The Contenders: Cinematographers
We could go on for a thousand words about the following five pictures. But better to simply let the cinematographers who shot them explain the origins and execution of a few of our favorite film images from the year.
“The Ides of March”
The scene: Ryan Gosling’s press secretary stands backstage, lost in thought following a confrontation with his boss.
Cinematographer: Phedon Papamichael
Birth of the shot: “The morning of rehearsal, George [Clooney] was working with Ryan and Phillip [Seymour Hoffman], and we just parked the camera wide in the corner. We saw it and realized we had a great opportunity to do a reverse-'Patton’ shot. I called George over, and he didn’t need much convincing.”
Making it work: “Me doing something to it would have just ruined it. On the other side [of the flag], the stage side, we’re lighting the speaker. The flag is all backlit. That’s why Ryan’s silhouetted against it. I didn’t really light him at all. I just wanted to maintain that mood we found in rehearsal. Sometimes you just know it’s right and you’ll screw it up if you manipulate it too much.”
Shot significance: “You have two sides of the coin — the spectacle with George up front, the façade, what he’s publicly presenting and then back on the other side, the negative side, you have him crumbling.”
The scene: Poor and out of work, Jean Dujardin as George Valentin reflects on his former life as the world’s biggest silent film star when he spies his old tuxedo in a second-hand shop.
Cinematographer: Guillaume Schiffman
Birth of the shot: “We always had it in the script. What was interesting, after working with Jean on three movies, this was the first shot we ever did where he had to be emotional, and it was strange to me because it was so intense.”
Making it work: “We built the shop on the Paramount lot. We needed to have Jean sunny and the shot in the shade. [Director] Michel Hazanavicius had storyboarded it, so he knew what emotion he wanted. We just had to find the right angle. It had to be very clear and all white and all gray, nothing black except for the tuxedo.”
Shot significance: “The contrast between the gray and black is, I think, why it brings out so much emotion. That’s the part of the movie where everything is gray for George Valentin and the only thing we see that’s black is the tuxedo, which is just a souvenir from his old life. He is thinking, ‘I was that, and now I’m here.’”
The scene: Michael Fassbender’s sex addict Brandon retreats into himself following a failed sexual encounter with a co-worker at the Standard Hotel.
Cinematographer: Sean Bobbitt
Birth of the shot: “It really came out of rehearsal and specifically related to the layout of the hotel room itself. We knew he’d distance himself after his moment of failure, so it was dictated by the position of the bath, which is quite unusual for this particular room.”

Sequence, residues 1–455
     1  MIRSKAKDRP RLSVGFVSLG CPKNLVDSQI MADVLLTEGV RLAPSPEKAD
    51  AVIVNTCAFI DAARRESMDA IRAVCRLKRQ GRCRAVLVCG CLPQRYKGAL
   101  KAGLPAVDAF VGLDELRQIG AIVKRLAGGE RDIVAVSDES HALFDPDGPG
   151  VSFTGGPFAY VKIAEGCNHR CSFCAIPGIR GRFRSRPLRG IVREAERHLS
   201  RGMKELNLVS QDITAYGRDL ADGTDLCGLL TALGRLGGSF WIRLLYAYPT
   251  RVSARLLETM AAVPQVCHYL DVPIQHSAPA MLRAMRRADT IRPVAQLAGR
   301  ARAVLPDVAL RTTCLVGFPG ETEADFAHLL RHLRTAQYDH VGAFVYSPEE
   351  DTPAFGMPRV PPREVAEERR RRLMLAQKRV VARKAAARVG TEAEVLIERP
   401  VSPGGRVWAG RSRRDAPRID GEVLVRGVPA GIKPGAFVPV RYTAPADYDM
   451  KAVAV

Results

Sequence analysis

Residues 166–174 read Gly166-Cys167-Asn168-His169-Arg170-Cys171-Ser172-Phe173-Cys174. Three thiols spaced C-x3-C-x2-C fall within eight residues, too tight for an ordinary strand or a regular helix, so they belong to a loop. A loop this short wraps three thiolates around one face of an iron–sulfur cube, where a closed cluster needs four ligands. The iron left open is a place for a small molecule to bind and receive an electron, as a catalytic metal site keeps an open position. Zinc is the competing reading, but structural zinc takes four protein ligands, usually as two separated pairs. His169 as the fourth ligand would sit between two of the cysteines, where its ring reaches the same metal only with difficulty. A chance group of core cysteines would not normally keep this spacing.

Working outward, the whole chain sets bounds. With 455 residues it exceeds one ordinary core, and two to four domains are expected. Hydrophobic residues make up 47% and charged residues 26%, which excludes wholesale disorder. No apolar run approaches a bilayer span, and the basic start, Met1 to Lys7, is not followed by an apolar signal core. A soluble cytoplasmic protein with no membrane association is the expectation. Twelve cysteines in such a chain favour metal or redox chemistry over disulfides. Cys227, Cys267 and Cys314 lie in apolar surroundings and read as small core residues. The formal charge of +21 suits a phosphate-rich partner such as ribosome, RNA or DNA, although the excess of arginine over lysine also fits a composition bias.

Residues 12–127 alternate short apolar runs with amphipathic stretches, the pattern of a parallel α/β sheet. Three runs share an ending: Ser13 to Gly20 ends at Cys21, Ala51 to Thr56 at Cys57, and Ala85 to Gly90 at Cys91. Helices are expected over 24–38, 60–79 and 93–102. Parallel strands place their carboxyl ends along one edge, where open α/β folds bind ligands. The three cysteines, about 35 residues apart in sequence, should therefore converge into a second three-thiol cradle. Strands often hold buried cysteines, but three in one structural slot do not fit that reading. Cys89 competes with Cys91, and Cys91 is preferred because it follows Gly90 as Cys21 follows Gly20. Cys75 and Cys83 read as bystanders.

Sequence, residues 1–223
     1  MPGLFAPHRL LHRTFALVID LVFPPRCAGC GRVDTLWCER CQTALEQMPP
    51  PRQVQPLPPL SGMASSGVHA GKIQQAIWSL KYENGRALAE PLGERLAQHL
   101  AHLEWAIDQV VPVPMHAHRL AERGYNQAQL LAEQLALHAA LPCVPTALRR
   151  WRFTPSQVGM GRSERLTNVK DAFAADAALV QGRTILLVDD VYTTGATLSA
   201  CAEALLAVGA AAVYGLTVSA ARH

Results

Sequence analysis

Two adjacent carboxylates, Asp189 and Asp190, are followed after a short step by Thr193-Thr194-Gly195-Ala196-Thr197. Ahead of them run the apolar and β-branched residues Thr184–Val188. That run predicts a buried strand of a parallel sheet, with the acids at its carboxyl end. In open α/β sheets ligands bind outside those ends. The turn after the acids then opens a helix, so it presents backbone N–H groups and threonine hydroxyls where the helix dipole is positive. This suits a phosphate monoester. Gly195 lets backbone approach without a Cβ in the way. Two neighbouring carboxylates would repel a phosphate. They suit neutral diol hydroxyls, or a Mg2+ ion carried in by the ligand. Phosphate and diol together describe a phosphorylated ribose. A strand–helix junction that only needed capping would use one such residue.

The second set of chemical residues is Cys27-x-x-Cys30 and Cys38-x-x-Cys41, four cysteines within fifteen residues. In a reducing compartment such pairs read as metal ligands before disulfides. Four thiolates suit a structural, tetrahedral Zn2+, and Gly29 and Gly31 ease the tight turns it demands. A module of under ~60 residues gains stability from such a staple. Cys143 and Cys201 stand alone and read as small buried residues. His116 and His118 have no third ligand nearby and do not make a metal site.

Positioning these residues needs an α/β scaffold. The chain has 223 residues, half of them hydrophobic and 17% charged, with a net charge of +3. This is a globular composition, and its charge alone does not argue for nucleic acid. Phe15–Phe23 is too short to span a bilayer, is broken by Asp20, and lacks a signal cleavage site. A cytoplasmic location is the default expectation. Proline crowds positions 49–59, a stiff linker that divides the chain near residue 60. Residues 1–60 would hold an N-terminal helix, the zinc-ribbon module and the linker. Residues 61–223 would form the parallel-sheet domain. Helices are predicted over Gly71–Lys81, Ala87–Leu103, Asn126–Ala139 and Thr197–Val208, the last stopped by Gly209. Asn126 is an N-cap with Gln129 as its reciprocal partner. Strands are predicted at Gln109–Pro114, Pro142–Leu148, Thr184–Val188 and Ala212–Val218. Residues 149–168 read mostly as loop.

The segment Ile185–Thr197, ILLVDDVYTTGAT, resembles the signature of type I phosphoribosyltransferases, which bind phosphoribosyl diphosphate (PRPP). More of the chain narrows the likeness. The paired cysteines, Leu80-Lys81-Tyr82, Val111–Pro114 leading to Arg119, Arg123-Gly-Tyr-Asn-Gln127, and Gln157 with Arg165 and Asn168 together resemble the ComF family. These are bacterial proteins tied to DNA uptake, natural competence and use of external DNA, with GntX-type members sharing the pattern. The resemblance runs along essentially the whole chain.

Making it work: “We were very lucky with the fog and mist that day, particularly since we were on the 18th floor. If it had been sunny, it would have changed the look and feel of the room. I had devised all sorts of nets and flags and diffusion, but the weather cooperated and did it all for us.”
Shot significance: “There were a couple of takes where I followed him from the bed to his sitting position. But the way it’s cut, going from the befuddled woman to him, makes it much more powerful. He’s not trying anymore, and his distress is not over her embarrassment but the recognition of his own inability to be intimate with someone he might actually like.”
“We Need to Talk About Kevin”
The scene: Tilda Swinton crowd surfs Spain’s La Tomatina festival.
Cinematographer: Thomas Townend, second unit cinematographer
Birth of the shot: Cinematographer Seamus McGarvey “was already working on ‘The Avengers,’ so my entire involvement with the movie lasted for the one-hour, 15-minute duration of the festival. I had a shot list, and the fun pressure of getting them in that allotted time.”
Making it work: “We had two cameras on balconies and two in the street. It’s 40,000 people, most of whom have been up all night drinking, crammed into a very small space. We got the shot above the seething crowd first and then went out with Tilda [Swinton]. We had six guys with us dressed as revelers and they held Tilda aloft.”
Shot significance: “There’s the hint of her former life as a travel writer. The color red from the festival contains obvious symbolism, given what happens later. And the shots from above, since they’re filmed in slow-motion, deliberately distorts the reality, which is quite unhinged. In the film, it looks much more elegant.”
The scene: George Clooney’s Matt King shows his daughters the family plot in Hawaii.
Cinematographer: Phedon Papamichael
Birth of the shot: “The movie is not very stylized. But this is a key moment, so it’s one of the few cinematic shots. I felt like I needed to make a point. It needed to have some visual impact.”
Making it work: “They get out of the Jeep and — bam! — we crane up to reveal this incredible piece of land, this coast with the beach. I got lucky. The sun was moving across the mountain, creating a very nice pattern. It was overcast where they were standing with a little bit of God’s light on the bay below.”
Shot significance: “The movie’s called ‘The Descendants,’ so it’s the land entrusted to George’s character. And now it’s slipping away, like his wife is slipping away. And he’s wondering maybe if it’s time to start paying attention to things and not let them get lost.”
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